Last month, Mayor Murray announced a proposal for a nine-year, $900 million levy to replace the existing $365 million Bridging the Gap levy that expires at the end of 2015. The Transportation Levy to Move Seattle proposal focuses on taking care of the basics, maintaining our streets, bridges, and sidewalks, while also investing in the future with improvements that give us more transportation choices to move more people and goods in and around our growing city.

Since introducing the levy proposal, we’ve hosted three open houses in different parts of the city, and presented to numerous community and business organizations, as well as city advisory boards and commissions. We’ll continue these community briefings, and throughout April, will be hosting an additional round of opportunities for the public to learn about the proposal and provide feedback.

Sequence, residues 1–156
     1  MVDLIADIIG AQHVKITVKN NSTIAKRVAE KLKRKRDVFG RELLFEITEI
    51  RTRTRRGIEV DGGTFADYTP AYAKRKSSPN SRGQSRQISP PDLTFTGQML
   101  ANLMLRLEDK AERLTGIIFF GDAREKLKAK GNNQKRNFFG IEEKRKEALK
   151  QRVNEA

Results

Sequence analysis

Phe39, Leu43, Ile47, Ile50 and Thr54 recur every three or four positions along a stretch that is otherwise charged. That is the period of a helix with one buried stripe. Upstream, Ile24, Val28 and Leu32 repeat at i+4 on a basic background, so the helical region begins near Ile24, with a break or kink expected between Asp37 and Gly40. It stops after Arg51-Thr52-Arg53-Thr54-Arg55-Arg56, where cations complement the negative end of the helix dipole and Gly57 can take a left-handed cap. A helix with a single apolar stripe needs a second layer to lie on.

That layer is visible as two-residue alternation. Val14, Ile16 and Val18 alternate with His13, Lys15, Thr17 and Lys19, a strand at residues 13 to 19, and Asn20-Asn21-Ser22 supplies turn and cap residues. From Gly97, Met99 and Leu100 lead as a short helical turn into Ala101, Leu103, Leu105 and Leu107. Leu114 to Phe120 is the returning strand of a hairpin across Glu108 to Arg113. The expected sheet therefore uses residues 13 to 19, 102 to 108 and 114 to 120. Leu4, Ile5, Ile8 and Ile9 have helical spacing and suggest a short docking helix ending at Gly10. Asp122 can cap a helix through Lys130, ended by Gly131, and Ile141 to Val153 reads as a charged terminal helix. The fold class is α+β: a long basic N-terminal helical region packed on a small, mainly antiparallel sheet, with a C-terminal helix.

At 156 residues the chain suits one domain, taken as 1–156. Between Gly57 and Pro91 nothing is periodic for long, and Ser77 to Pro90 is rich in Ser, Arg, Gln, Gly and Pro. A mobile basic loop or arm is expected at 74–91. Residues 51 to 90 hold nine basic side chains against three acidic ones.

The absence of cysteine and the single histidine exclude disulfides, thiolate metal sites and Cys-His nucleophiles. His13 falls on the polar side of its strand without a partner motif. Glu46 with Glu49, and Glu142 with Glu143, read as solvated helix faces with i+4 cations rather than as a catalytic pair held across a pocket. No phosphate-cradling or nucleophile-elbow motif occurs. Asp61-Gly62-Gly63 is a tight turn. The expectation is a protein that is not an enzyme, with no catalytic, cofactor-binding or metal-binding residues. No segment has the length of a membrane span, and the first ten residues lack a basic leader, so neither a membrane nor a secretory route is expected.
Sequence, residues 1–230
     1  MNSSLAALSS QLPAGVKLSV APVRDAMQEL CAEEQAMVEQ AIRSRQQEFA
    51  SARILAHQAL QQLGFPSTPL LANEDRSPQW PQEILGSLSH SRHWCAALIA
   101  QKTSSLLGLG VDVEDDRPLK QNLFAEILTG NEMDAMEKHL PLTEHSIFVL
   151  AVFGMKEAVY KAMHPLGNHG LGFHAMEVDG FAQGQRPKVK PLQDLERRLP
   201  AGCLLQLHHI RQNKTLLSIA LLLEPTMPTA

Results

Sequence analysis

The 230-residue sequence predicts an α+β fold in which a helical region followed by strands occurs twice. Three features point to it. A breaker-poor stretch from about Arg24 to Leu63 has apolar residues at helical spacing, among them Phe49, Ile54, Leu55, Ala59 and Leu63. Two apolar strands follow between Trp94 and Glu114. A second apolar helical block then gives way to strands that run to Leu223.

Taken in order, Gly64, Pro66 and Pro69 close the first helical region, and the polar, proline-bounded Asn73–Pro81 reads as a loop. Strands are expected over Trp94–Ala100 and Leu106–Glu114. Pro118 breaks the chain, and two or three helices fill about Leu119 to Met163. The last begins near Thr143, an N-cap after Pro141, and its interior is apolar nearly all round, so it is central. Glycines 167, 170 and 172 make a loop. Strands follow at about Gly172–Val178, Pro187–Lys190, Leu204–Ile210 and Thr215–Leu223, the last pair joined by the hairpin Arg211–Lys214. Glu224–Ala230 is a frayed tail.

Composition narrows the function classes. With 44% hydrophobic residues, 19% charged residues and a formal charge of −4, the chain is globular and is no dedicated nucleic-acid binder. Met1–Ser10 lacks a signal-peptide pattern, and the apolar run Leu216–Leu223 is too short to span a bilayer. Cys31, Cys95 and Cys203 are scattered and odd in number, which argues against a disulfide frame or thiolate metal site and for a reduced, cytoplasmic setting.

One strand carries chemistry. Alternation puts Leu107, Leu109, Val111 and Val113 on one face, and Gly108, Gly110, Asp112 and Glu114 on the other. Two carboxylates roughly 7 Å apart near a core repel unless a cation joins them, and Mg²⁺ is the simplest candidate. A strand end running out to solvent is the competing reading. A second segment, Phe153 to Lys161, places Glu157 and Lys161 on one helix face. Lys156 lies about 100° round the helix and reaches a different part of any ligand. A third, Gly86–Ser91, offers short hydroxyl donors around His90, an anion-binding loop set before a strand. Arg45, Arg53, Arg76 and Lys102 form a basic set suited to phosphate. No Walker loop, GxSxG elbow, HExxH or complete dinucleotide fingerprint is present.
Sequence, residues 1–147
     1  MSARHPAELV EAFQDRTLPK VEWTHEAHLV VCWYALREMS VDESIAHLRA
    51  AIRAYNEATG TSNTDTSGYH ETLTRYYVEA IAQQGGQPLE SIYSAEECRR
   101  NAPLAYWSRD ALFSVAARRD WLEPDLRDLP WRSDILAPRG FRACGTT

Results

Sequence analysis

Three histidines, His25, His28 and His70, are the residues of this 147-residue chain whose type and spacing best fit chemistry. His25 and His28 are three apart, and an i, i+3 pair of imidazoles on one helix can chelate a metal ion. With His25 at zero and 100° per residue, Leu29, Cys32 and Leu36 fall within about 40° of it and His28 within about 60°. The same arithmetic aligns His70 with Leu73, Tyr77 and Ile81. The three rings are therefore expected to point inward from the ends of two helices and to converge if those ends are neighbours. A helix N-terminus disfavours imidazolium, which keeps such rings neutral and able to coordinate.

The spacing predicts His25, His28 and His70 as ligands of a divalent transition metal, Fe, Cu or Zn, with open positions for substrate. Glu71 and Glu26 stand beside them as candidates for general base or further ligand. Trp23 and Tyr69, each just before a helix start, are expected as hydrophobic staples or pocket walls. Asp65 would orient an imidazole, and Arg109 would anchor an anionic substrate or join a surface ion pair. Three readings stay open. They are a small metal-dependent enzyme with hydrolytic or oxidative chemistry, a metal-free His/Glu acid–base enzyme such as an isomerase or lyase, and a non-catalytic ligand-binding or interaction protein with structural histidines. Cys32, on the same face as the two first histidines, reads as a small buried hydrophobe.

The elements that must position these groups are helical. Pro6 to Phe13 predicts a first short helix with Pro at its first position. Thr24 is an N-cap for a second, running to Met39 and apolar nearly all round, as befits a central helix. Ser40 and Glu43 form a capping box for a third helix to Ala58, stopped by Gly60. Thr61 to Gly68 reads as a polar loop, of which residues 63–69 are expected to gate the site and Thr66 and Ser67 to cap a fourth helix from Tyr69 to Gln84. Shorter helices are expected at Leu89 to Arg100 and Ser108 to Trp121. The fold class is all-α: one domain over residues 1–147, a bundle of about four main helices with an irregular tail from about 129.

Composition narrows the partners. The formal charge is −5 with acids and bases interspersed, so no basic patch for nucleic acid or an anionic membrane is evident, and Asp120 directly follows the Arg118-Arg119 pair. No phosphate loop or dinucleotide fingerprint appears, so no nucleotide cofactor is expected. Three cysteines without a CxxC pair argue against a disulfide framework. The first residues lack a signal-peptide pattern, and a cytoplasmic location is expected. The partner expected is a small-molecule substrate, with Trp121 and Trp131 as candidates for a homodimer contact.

Here are ways to participate:

  1. Take the survey (it is available in multiple languages) to share your transportation priorities at: www.moveseattlesurvey.com
  2. Participate in an online meeting where you’ll hear from SDOT Director Scott Kubly and have the opportunity to ask questions on Monday, April 20 from 6 p.m. to 6:45 p.m. Please click here to sign up.
  3. Join SDOT Director Scott Kubly for coffee and informal conversation at one of these local coffee shops:
  • Central District: Starbucks 2300 South Jackson on Monday, April 13, 2 to 3 p.m.